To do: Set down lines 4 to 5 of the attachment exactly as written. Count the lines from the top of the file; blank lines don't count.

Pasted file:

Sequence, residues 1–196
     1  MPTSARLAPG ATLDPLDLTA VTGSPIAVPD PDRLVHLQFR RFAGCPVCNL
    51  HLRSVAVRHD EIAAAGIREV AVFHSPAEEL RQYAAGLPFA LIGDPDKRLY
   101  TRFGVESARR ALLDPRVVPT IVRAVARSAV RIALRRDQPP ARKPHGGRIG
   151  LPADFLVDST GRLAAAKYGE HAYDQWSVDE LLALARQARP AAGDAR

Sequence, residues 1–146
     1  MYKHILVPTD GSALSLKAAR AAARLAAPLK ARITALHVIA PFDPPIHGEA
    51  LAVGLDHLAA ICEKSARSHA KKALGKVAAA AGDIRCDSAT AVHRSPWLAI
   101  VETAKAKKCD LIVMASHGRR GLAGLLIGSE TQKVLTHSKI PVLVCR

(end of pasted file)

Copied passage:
   101  TRFGVESARR ALLDPRVVPT IVRAVARSAV RIALRRDQPP ARKPHGGRIG
   151  LPADFLVDST GRLAAAKYGE HAYDQWSVDE LLALARQARP AAGDAR